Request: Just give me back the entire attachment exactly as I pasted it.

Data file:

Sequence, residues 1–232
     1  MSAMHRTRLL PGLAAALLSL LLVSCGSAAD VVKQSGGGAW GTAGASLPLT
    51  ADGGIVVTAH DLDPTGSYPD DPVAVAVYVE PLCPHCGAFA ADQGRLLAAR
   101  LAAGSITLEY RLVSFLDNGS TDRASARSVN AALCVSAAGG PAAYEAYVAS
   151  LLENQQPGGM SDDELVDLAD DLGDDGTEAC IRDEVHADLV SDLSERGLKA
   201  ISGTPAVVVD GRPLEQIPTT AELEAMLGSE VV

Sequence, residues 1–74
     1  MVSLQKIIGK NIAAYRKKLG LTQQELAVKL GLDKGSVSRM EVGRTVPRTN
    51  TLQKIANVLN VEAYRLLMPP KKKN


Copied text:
Sequence, residues 1–232
     1  MSAMHRTRLL PGLAAALLSL LLVSCGSAAD VVKQSGGGAW GTAGASLPLT
    51  ADGGIVVTAH DLDPTGSYPD DPVAVAVYVE PLCPHCGAFA ADQGRLLAAR
   101  LAAGSITLEY RLVSFLDNGS TDRASARSVN AALCVSAAGG PAAYEAYVAS
   151  LLENQQPGGM SDDELVDLAD DLGDDGTEAC IRDEVHADLV SDLSERGLKA
   201  ISGTPAVVVD GRPLEQIPTT AELEAMLGSE VV

Sequence, residues 1–74
     1  MVSLQKIIGK NIAAYRKKLG LTQQELAVKL GLDKGSVSRM EVGRTVPRTN
    51  TLQKIANVLN VEAYRLLMPP KKKN